Claws are available from Protean 2; they increase damage from
Brawling attacks. They also decrease the Difficulty of climbing.
They do not do aggravated wounds to vampires; neither do fangs.
They may wound Lupines (if there are any) at the Storyteller's
option. In this world, only fire, sunlight and possibly acid do
aggravated wounds to vampires. What wounds Lupines (if there are
any) is up to the Storyteller.
A vampire may be killed outright by decapitation or removal of the heart or brain. Decapitation requires 3 successes on the to-hit roll, and the attack must do three unsoaked wound levels. The attacker must also be using an appropriate edged weapon. It is harder to remove the heart so it is not generally a useful tactic. An Incapacitated vampire is easy to decapitate, as the attacker may accumulate successes and the Difficulty is generally much lower (of course, it depends on what else is going on). Optionally the attacker may remove the heart instead; the procedure is the same. Staking uses the same rules as Vampire: the Masquerade. It is harder to remove the heart of a staked vampire, mainly because there is a stake through it. The victim is still immobilized, however, and ripe for decapitation and other nasty things. A staked vampire is treated as Incapacitated for purposes of how hard they are to kill.
A vampire may still die from aggravated wounds. A vampire does not die from extreme wounding that causes her to run out of Blood Points. A vampire that runs out of blood after being Incapacitated is in Torpor, and does not die unless one of the other causes of death occurs, such as taking an aggravated wound, being beheaded, and so on.
For the purposes of healing an aggravated wound, the 'Blood Points
per Round' rating of the vampire is the limit to the number of Blood
Points that can be allocated to heal aggravated wounds per night.
It takes seven Blood Points to heal an aggravated wound. Therefore,
a Neonate will probably take a week to heal an aggravated wound. As
in Vampire: the Masquerade, it also costs a Willpower point to heal
an aggravated wound. Fearsome vampires may be able to heal more
than one aggravated wound per night; all that is required is that
they have an allowance of 14+ Blood Points per Round, that they
spend the Blood Points, and that they use the required Willpower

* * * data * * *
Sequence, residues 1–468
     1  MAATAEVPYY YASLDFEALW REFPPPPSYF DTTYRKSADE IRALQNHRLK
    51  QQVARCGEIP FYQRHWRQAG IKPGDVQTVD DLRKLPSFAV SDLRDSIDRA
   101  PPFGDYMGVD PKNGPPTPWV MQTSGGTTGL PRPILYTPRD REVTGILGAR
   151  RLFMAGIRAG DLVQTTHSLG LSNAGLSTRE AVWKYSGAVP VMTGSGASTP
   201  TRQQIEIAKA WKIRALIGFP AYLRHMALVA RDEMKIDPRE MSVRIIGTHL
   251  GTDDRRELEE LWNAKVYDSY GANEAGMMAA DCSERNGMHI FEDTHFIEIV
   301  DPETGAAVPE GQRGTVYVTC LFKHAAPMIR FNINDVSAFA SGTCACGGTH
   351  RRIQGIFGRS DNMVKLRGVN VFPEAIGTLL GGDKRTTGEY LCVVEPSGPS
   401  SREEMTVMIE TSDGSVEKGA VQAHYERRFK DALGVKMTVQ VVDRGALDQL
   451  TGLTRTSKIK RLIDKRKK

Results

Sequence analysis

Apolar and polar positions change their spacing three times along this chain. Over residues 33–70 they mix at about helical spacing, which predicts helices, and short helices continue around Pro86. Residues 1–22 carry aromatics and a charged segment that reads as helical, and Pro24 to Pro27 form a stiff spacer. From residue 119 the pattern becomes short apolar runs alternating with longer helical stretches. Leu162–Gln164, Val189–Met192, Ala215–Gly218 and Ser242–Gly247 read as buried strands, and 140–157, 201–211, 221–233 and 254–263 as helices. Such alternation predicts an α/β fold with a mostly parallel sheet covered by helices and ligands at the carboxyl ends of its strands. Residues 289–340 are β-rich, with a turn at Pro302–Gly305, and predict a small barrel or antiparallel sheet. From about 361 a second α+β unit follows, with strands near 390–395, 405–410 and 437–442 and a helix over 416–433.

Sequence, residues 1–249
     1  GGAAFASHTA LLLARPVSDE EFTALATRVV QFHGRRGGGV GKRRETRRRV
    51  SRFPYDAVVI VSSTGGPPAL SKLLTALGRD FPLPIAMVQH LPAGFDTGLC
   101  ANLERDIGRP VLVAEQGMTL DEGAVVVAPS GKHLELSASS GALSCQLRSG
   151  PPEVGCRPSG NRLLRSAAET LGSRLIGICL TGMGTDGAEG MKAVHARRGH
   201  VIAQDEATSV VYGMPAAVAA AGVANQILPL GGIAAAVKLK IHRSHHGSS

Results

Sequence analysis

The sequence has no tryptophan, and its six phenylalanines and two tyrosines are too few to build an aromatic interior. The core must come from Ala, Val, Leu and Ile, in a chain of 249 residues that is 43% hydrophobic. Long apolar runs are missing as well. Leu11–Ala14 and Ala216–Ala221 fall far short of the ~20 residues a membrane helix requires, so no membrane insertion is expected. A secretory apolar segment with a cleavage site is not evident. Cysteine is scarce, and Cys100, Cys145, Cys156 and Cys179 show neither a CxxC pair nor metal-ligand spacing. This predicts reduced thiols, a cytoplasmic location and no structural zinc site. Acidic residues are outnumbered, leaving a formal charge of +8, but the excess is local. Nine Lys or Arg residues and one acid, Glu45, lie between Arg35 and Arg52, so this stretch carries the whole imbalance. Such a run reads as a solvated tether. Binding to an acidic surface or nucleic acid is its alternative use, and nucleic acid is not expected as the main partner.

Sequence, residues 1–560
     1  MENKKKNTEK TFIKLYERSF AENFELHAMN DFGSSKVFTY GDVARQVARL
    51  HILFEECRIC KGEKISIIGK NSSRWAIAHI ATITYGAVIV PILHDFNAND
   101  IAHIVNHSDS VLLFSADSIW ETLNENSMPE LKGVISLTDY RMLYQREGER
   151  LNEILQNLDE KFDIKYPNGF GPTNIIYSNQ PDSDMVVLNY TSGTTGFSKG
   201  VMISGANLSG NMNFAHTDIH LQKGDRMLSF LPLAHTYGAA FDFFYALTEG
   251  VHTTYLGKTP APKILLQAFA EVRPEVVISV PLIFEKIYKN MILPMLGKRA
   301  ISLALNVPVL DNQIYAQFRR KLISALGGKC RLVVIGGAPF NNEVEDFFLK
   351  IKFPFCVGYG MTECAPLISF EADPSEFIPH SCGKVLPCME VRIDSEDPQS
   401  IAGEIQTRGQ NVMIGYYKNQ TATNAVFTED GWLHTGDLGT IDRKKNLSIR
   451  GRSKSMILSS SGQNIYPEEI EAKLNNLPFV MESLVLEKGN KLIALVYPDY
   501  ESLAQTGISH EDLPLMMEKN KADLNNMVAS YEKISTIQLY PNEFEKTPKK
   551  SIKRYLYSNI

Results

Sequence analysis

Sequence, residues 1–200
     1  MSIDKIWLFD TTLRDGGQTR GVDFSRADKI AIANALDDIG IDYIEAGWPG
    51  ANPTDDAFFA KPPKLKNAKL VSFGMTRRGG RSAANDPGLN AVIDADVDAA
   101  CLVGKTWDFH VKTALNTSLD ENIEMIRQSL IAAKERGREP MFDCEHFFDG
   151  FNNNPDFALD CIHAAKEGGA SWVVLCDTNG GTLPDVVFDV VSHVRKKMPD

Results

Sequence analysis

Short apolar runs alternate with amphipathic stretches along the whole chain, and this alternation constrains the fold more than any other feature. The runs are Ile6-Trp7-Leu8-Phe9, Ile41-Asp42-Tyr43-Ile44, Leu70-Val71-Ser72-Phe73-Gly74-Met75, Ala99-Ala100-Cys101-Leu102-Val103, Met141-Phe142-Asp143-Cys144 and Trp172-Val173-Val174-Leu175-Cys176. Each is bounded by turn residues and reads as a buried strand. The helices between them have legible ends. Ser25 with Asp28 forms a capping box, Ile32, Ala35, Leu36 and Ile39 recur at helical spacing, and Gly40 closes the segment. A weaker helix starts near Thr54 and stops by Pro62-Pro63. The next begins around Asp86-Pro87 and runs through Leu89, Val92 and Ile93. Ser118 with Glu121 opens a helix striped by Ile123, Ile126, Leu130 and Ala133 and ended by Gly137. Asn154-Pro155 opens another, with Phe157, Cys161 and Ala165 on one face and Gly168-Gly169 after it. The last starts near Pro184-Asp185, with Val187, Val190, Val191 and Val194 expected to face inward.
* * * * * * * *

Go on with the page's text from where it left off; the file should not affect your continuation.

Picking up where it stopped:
Obviously, aggravated wounds are healed more slowly than in Vampire: the Masquerade. In cases where the vampire has also lost many Blood Points, the scarring and disfigurement will not go away until the vampire has healed all the wounds and completely filled her Blood Pool. It follows that even though older vampires can sustain terrible wounds that would destroy a mortal or Childe utterly, it takes a long time to recover from such wounds.
When a vampire has been Incapacitated, she loses a Blood Point for each further wound, as in Vampire: the Masquerade. If she takes wounds while Incapacitated and at zero blood points, she suffers the Final Death.
If a vampire can have zero Blood Points, then there must be some other way to explain death by Diablerie. The answer is that a vampire with zero blood points takes aggravated wounds when blood is drunk thereafter. Vampires have more blood than the recorded points. For every complete multiple of the 'Blood Points per Round` allowance that is drained from them while at zero Blood Points, they take an aggravated wound. Therefore, they can be on negative Blood Points and still be 'alive'.
Example: If the vampire can spend three Blood Points per Round, then every three Blood Points beyond zero drained from her will inflict one aggravated wound. If she started unwounded and was reduced to seven Blood Points below zero, she would take two aggravated wounds.
This only applies to loss of blood. A vampire cannot go into negative Blood Points by any other means. Wounds can sap a vampire's blood once Incapacitated, but in that case Blood Points cannot go below zero. A vampire with less than zero Blood Points is inevitably in Torpor or dead. A vampire with zero Blood Points is only in Torpor if she is also Incapacitated or has no Willpower remaining.
A vampire can voluntarily enter Torpor by using up all of her Blood Pool and Willpower. This is easily done; the vampire simply sinks to zero Blood Points by not feeding and then spends Willpower not to feed until she has none left. A vampire can enter torpor by being reduced to negative Blood Points due to Diablerie, or by being Incapacitated and having zero Blood Points left. Once she has slept out her Torpor, as determined by her Humanity, the vampire is 'reset' to zero Blood Points and if Incapacitated, is automatically healed to Maimed. She may then leave Torpor by spending a Willpower point. (She also regains all her Willpower points from sleeping out her Torpor, also see below). Such mystical healing is due to the character's spirit feeding off of other energies than blood. A vampire cannot voluntarily enter Torpor unless she has no Willpower points left. When Lestat entered Torpor, he was in such a state of depression and defeat. When a vampire has been in Torpor for the correct length of time for her Humanity, she regains all of her Willpower points. She may then come out of Torpor. If a vampire is in Torpor, the Storyteller should not give her any Willpower back for 'end of story', or the Torpor rules would break down. A vampire cannot end her personal story while she sleeps in Torpor; Torpor is not an end, it is an interlude.
These rules make for a very different game. Vampires can be killed
more easily at the lower levels because of their weaker